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Homily for the 10th Sunday of Ordinary Time

Do you remember who you are?

By Bishop Larry Silva
June 10, 2018

[Our Lady of Perpetual Help Church, Downey, California] 

Do you remember who you are? 

Unfortunately, there are those who, because of an illness, do not remember much about who they are and their connections to other people.  I recall a priest whose father lived with him when he had Alzheimer’s, and one day at breakfast the father said to the son, “You know, I have a son who is a priest, but I never see him.”  There is a real sadness when a person loses his memory in this way. 

But we do not have to have a disease to lose touch of who we are.  It happened to Adam and Eve.  They had been tricked by the serpent, who told them that if only they at the fruit of the tree that God had forbidden them to eat, they would be like gods, knowing good from evil.  But what they had forgotten was that they already were like God, because he had made them in his own image and likeness and shared the breath of his own life with them.  They also knew very well the limits of good and evil, because God had made it very clear to them.  But for one fatal moment they thought they lacked something, that they needed to eat a particular fruit or do a particular thing to be like the One in whose image they had been made. 

The people in the gospel also seemed not to understand the real identity of Jesus and the Savior and Messiah.  His family thought he was crazy for giving himself so zealously to preaching and healing.  The scribes thought he was the devil incarnate, since he obviously was saying and doing things that challenged their authority.  If they had remembered who they were and had truly understood the Scriptures, they would have known that he was God incarnate.  Even Jesus’ mother, sinless though she was, was limited in her human sight and forgot that her Son’s identity was to bring salvation to the people.  She forgot what he had told her when he was twelve years old and she and Joseph were frantically searching for him in Jerusalem, that he must be in his Father’s house, doing his Father’s will.  Jesus knew who he was and wanted each one of his hearers to remember who they were. 

Do we think very much about the fact that we are made in the image and likeness of God?  Or do we think we need some other thing, like sex, wealth, or power to really make us somebodies?  Do we recall that at our Baptism we were not just given a name to put on our ID cards, but that we were soaked in the name of the Father, and of the Son, and of the Holy Spirit?  Or do we think that we are far away from God, or that we have to perform great tasks to be close to him?  Do we who have received the sacrament of Confirmation remember that we were sealed, marked, branded, spiritually tattooed, if you will, not with some design of our own choosing, but with the Holy Spirit himself?  Or do we forget who we are and allow the unholy spirit to influence our relationships, our speech and our actions?  Do we remember that when we come here to celebrate the Eucharist, the Word, who is Christ himself, takes flesh in us; and that his Body and Blood, on which we are nourished, makes us one body with him, so that we can be his living presence in our families, in our schools, in our places of work, and in our body politic?  Or do we cover ourselves as Adam and Eve did, not letting him come too close to us or become too intimate with us, because we are ashamed of who we are, while he wants us to be so completely open to him that we can be his presence to others?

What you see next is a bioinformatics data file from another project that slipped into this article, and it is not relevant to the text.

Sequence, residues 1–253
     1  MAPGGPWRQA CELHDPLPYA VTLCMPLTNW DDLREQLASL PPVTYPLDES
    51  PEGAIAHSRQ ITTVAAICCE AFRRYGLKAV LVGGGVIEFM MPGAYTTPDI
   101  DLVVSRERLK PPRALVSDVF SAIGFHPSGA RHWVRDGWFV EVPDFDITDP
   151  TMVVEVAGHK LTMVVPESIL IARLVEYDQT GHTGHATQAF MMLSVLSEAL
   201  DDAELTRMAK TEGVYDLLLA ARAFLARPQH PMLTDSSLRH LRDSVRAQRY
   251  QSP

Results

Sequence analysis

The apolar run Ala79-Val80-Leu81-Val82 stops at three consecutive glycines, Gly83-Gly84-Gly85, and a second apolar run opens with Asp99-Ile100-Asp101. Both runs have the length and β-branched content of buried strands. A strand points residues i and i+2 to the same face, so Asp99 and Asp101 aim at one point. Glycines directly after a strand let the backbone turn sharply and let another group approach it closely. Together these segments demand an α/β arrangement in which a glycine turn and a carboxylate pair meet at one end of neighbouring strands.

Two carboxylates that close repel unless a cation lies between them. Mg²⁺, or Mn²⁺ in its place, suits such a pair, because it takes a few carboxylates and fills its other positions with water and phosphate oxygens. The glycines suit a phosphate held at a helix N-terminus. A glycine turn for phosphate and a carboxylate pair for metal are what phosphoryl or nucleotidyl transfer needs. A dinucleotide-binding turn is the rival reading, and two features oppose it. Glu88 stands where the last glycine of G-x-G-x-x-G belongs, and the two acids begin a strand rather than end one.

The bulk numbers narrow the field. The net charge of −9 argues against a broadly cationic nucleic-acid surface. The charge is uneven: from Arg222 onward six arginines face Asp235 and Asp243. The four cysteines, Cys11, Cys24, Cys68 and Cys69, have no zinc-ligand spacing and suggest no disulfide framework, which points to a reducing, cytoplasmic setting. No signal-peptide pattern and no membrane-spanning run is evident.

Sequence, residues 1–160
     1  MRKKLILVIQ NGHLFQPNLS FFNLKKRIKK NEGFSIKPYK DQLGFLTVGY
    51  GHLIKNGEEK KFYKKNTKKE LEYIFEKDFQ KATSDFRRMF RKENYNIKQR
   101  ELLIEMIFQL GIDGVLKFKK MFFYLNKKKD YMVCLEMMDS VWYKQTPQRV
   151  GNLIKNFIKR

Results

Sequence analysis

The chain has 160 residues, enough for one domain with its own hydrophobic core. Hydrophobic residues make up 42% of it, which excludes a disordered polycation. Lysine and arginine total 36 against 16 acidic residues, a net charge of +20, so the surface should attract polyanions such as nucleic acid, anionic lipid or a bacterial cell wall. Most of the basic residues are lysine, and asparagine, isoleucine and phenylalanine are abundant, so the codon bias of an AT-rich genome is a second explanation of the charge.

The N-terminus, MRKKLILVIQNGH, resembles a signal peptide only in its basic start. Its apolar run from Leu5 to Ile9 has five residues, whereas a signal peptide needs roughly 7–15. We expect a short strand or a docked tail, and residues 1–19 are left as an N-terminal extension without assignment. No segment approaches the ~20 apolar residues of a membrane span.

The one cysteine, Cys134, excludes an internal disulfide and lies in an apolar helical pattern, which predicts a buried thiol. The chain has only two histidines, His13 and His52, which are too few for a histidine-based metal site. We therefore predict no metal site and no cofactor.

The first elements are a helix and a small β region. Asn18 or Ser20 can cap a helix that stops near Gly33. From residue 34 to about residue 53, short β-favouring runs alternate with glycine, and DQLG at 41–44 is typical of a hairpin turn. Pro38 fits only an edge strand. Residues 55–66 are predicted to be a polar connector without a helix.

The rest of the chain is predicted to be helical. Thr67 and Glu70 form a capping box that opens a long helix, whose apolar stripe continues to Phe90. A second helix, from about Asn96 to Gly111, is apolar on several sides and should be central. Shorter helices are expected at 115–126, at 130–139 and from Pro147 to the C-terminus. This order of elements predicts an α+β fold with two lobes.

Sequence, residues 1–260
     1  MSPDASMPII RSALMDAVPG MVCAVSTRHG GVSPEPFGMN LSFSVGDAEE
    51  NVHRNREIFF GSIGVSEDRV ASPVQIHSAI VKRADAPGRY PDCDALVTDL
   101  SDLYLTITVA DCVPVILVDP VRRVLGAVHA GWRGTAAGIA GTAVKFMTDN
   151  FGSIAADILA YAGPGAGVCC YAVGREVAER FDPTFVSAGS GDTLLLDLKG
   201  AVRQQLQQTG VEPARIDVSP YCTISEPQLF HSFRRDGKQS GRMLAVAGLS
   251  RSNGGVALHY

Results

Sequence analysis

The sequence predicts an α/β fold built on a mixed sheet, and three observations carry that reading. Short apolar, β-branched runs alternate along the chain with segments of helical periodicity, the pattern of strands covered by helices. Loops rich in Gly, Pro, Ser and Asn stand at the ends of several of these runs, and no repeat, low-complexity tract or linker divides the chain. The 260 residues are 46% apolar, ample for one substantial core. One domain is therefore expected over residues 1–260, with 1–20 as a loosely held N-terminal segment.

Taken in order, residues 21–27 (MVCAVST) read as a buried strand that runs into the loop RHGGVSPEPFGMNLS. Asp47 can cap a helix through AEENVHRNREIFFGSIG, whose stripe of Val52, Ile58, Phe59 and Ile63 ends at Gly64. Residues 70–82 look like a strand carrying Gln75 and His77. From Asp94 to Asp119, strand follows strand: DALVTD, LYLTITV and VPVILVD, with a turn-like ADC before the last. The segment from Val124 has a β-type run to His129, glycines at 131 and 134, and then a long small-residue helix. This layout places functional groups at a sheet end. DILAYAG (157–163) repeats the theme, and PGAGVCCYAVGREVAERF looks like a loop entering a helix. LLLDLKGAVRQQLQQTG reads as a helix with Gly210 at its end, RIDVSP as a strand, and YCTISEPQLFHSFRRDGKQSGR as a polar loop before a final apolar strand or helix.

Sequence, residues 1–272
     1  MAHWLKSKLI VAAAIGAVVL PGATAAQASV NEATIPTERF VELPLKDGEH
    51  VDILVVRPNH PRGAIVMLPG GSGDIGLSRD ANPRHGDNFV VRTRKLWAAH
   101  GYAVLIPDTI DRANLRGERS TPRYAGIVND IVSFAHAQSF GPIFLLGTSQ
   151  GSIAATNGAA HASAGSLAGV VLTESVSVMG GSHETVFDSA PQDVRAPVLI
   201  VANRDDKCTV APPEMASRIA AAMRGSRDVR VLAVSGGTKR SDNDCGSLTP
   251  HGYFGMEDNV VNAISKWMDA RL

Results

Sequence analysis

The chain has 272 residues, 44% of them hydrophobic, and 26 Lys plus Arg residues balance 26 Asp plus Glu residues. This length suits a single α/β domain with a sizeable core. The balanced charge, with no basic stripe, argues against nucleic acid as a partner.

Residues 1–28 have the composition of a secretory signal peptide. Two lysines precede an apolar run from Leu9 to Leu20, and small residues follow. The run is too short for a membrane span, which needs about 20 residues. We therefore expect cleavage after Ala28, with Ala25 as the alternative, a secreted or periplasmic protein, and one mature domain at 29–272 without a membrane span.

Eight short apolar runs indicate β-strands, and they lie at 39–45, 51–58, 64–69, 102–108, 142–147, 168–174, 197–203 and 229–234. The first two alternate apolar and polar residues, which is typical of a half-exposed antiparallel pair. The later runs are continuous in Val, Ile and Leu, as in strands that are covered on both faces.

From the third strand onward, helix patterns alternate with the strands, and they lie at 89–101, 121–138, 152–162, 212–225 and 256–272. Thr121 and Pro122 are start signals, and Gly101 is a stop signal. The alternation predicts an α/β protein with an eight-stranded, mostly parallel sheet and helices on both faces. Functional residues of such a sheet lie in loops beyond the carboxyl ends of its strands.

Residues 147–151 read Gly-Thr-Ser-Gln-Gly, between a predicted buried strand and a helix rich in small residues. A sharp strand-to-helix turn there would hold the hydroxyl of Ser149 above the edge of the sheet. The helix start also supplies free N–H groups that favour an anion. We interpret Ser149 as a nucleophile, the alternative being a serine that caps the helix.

We live in a world that is disintegrating in so many ways, with domestic violence and racial violence, with bullying of individuals and saber-rattling among nations; a world that is never satisfied and always thinks having more sex, more wealth, or more power will make people happy, while in fact it makes depression an epidemic.  It is into that world that Jesus sends us to bring it back to its senses, to help it remember who it is and in whose image it is made.  It is our simple thanksgiving here every Sunday that enables us to get in touch one again with who we really are, so that when we leave here, we can show the world that, though we may seem a little crazy for what we believe, our belief in Jesus and doing the will of God are the only things that can restore us to our true identity as children of God, beloved beyond our imaginations. 

Do you remember who you are?